“The invalidation of this direct democracy safety valve built into our State Constitution will rob not only the people of Camden County, but the people of Georgia’s 159 counties of their ability to hold their county commissioners accountable more than ‘once every four years,’ the legal brief said. “Although county commissioners are few in number, they wield enormous power to legislatively affect the lives of their constituents.”

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Camden officials’ foray into commercial space exploration began in 2014 and five years later the Federal Aviation Administration granted the spaceport operator license for up to 12 launches per year. The license is dependent on the county closing on lands held by Union Carbide. Each individual launch would require state and federal regulatory approval.

As legal battles unfold, county officials ‌seek‌ ‌investors‌ and attract business for a project they believe will be an economic driver for the region.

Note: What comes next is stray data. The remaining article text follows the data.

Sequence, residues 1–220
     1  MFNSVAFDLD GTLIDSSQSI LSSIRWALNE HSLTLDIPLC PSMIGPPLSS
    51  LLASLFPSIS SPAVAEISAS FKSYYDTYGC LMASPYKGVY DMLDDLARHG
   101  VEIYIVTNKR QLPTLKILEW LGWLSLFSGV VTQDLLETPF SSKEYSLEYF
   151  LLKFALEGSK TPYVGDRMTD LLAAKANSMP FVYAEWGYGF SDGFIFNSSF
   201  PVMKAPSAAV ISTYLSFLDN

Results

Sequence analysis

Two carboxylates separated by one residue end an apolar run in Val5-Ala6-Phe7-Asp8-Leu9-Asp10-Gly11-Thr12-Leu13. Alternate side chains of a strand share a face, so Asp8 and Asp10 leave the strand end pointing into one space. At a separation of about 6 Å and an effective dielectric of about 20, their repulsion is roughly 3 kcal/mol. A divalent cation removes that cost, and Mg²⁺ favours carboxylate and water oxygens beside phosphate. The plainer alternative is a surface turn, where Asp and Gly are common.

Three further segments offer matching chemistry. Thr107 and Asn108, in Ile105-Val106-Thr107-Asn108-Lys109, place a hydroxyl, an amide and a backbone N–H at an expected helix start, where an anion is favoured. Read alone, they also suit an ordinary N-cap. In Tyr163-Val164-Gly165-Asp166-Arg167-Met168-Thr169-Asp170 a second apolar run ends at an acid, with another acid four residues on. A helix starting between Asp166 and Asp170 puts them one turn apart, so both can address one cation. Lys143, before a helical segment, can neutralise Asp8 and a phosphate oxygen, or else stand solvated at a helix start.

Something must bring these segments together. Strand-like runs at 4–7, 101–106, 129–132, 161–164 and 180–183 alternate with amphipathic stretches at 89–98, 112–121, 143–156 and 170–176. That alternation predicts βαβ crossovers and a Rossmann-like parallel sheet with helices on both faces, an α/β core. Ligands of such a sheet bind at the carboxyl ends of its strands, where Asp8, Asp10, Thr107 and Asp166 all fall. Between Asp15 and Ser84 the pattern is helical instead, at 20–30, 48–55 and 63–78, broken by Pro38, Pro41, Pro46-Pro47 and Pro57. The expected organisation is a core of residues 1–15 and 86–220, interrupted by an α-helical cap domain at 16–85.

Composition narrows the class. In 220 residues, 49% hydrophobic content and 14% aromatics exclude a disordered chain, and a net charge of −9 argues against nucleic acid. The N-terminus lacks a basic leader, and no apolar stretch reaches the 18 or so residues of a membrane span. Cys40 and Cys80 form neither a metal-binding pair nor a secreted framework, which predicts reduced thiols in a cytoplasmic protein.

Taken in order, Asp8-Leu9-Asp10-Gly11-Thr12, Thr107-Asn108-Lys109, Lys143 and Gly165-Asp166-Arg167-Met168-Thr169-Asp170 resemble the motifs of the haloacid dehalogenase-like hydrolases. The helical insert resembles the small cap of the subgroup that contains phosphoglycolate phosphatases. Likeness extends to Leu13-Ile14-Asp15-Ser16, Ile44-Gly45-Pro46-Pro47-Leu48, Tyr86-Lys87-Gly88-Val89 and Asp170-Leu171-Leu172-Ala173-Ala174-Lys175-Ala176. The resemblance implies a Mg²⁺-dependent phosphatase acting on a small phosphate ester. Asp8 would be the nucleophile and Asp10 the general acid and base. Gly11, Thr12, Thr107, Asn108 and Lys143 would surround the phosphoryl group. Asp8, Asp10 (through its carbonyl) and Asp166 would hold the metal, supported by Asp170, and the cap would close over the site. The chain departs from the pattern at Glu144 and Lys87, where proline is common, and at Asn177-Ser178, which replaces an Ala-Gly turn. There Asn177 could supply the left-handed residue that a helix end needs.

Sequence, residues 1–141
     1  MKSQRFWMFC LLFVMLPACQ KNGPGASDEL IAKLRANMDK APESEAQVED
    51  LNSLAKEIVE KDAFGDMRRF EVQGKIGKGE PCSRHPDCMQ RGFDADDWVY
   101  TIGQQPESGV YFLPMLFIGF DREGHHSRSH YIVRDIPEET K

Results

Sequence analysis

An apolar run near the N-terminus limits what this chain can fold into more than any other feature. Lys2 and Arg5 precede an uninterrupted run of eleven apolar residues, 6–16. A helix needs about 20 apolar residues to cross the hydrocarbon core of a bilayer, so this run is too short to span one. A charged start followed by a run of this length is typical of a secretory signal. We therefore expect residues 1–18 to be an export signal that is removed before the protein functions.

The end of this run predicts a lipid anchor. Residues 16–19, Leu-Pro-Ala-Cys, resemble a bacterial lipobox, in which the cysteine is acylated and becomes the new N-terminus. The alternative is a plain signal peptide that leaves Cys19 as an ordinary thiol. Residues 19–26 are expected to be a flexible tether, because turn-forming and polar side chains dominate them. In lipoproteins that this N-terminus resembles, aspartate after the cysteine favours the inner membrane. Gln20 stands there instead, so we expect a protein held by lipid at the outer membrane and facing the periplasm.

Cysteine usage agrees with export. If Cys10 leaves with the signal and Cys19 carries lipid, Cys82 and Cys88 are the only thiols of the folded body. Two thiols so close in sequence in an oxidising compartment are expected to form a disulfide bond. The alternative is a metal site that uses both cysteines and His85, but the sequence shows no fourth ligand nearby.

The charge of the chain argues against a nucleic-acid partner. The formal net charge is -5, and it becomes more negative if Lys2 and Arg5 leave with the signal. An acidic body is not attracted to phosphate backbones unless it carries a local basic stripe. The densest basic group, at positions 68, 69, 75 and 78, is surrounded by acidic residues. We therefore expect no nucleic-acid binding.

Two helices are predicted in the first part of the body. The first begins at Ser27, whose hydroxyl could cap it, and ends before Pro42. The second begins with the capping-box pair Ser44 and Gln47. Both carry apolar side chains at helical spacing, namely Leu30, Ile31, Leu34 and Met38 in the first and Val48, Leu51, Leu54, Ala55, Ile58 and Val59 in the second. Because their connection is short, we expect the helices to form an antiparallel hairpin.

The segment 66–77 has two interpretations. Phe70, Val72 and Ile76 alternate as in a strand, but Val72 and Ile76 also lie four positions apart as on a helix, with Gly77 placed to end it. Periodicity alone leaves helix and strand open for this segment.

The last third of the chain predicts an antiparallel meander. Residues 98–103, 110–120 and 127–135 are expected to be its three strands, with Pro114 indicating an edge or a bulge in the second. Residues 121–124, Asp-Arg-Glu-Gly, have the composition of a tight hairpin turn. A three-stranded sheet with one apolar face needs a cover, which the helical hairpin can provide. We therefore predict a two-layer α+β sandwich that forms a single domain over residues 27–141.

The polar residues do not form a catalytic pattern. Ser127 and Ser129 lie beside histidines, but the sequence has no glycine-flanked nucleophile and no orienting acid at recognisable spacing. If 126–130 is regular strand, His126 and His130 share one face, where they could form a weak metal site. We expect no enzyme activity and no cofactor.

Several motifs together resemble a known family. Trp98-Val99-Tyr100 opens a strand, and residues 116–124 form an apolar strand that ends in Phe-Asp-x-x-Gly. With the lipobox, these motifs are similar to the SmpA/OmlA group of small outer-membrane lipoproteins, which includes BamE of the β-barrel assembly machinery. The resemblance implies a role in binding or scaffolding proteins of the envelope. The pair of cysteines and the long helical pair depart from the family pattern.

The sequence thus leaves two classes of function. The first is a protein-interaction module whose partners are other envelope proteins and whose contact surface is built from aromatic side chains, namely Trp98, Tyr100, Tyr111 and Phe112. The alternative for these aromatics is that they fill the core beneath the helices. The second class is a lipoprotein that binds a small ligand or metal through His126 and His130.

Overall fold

The Association County Commissioners of Georgia sides with Camden officials, who are members of the lobbying organization. The organization says the public initiative clause was never intended to apply to land deals.

Camden argues that the state constitution ‌prohibits residents from revoking county resolutions. Instead, county attorneys say, the real estate contract falls under the state autonomy provision, which grants counties the power to enact local laws.

In a related case from 2020, Glynn County was successfully blocked two state senate bills that called for a special election to abolish the county police department and return control to the‌ ‌‌ ‌sheriff.

If the state high court rules against the county, ‌a recurring cycle of petitions could be triggered against county and city governments, which would be ‌‌‌contrary to the state constitution which establishes the ground rules of government. , lawyers for the counties association wrote on May 16.